U.S. Equal Employment Opportunity Commission
Rehab Center Fired Nurse Assistant With Back Injury Rather Than Allow Leave, Federal Agency Charged
NEW YORK - The Silvercrest Center for Nursing and Rehabilitation will pay $25,000 as part of the settlement of a disability discrimination lawsuit brought by the U.S. Equal Employment Opportunity Commission (EEOC), the agency announced today.
The EEOC charged that the nursing home and rehabilitation center, located in Queens, N.Y., terminated a nurse assistant with a back injury because she failed to submit her request for medical leave on a particular Silvercrest form, though the nurse assistant submitted a letter from her doctor in support of her request, but Silvercrest refused to accept it.
The EEOC filed suit (EEOC v. The Silvercrest Center for Nursing and Rehabilitation, aka, Silvercrest Extended Care Facility, Civil Action No. 12-CV-4808) in U.S. District Court for the Eastern District of New York after first attempting to reach a voluntary pre-litigation settlement through its conciliation process. Under the Americans with Disabilities Act (ADA), when a disabled employee requests an accommodation, the employer must work with the employee in finding reasonable accommodations that would allow the employee to continue working, including temporary leave. An employer violates the ADA when they refuse to provide reasonable accommodation, unless the accommodation would cause the employer an undue hardship.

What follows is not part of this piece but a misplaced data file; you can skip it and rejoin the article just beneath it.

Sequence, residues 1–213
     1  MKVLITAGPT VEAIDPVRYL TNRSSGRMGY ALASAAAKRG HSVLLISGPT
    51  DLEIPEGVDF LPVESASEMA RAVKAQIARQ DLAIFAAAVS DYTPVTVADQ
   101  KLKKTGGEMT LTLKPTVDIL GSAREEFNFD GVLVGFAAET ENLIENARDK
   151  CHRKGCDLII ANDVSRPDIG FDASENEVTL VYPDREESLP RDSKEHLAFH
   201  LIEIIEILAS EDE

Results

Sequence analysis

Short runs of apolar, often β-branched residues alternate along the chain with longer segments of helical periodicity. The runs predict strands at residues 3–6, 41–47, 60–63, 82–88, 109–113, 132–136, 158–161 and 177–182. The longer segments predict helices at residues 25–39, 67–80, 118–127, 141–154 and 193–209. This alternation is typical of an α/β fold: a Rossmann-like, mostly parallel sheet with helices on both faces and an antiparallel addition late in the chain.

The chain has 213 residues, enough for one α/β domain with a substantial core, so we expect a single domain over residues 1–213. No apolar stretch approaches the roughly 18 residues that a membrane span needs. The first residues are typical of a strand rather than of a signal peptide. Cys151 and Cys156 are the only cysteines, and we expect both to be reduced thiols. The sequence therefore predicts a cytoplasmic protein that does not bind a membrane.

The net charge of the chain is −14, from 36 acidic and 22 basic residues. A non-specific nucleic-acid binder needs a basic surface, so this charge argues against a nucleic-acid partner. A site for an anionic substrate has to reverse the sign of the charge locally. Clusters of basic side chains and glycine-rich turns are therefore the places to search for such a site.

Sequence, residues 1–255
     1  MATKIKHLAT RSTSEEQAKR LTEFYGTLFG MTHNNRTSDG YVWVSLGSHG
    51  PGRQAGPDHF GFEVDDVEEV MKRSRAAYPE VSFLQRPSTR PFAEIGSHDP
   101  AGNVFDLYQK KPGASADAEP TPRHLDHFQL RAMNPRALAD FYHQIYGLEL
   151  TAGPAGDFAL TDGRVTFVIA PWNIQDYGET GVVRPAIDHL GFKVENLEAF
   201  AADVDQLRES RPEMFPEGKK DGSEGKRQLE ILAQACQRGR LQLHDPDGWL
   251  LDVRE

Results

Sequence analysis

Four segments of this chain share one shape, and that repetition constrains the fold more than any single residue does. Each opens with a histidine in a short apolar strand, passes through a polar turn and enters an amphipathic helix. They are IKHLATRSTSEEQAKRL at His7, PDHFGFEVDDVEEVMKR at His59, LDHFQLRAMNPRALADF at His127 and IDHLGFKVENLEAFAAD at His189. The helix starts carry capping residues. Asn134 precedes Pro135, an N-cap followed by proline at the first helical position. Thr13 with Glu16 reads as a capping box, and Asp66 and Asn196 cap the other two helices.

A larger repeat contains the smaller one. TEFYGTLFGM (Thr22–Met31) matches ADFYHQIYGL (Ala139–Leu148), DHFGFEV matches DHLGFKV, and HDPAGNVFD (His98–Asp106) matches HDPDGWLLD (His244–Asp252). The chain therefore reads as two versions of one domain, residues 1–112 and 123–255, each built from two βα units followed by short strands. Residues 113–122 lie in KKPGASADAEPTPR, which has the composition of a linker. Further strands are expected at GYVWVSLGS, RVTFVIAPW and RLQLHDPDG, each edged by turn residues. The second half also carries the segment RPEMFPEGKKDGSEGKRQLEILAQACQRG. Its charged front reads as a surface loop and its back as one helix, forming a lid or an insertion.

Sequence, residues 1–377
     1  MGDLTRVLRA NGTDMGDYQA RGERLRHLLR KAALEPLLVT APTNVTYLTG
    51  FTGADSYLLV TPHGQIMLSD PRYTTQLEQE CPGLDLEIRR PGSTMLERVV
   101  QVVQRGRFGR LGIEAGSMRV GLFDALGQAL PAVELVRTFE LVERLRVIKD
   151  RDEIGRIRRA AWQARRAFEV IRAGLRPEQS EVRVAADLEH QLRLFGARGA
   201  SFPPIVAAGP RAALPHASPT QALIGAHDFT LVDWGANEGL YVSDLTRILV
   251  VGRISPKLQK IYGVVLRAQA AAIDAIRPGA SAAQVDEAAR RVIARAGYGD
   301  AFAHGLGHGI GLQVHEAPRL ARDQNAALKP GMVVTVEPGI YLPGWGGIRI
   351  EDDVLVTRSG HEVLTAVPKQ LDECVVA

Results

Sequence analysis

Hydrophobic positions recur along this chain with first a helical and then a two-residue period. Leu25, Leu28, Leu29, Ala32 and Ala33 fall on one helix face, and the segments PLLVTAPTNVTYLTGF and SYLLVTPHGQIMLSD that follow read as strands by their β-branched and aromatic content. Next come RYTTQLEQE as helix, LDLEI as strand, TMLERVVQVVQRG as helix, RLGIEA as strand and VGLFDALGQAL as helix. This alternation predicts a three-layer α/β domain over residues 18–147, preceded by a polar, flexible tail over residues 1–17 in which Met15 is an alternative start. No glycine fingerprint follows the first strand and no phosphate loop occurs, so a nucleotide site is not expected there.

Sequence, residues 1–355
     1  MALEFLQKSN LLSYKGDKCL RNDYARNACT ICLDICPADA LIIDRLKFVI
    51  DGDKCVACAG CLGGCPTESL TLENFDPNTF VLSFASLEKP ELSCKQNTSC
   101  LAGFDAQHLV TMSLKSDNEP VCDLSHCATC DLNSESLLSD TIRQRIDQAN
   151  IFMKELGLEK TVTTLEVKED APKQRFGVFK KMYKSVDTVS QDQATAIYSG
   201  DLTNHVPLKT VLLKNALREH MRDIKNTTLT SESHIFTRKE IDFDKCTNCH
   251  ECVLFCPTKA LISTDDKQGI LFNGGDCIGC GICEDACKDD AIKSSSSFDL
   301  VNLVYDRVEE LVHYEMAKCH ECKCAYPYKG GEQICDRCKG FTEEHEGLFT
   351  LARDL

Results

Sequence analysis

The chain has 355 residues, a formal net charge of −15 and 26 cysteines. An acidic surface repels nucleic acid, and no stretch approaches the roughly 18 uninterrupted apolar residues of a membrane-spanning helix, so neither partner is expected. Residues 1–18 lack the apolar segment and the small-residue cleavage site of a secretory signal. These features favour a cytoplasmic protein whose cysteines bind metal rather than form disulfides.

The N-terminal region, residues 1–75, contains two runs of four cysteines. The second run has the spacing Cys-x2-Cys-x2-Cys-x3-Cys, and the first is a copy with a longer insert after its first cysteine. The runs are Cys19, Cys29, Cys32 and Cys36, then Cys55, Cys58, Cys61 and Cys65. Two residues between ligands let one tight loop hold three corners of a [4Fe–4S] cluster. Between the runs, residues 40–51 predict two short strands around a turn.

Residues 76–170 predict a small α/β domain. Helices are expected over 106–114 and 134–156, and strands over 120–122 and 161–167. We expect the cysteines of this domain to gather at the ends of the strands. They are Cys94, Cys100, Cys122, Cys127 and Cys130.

In addition to the $25,000 in damages to be paid to the former employee, the two-year consent decree resolving the case includes injunctive relief requiring Silvercrest to consider all written requests for medical leave regardless of the format; implement policy revisions that allow for such requests; distribute the policy to all employees; and post a notice of this lawsuit in the employee break room. The decree also requires discrimination training for all employees, including managers and human resources staff.
"When a disabled employee requests a reasonable accommodation, employers must listen," said EEOC New York District Director Kevin Berry. "The substance of the request is what matters, not whether the employee submits the request on any particular form."
Thomas Lepak, the EEOC trial attorney assigned to the case said, "Through this consent decree, Silvercrest has agreed to a policy that will help guarantee all requests for accommodation are taken seriously."
One of the six national priorities identified by the EEOC's Strategic Enforcement Plan (SEP) is for the agency to address emerging and developing issues in equal employment law, including issues involving the ADA and pregnancy-related limitations, among other possible issues.
The New York District Office of the EEOC oversees New York, Northern New Jersey, Connecticut, Massachusetts, Rhode Island, Vermont, New Hampshire, and Maine.
The EEOC is the federal government agency responsible for enforcing federal anti-discrimination laws in the workplace. Further information about the EEOC is available on the agency's website at www.eeoc.gov.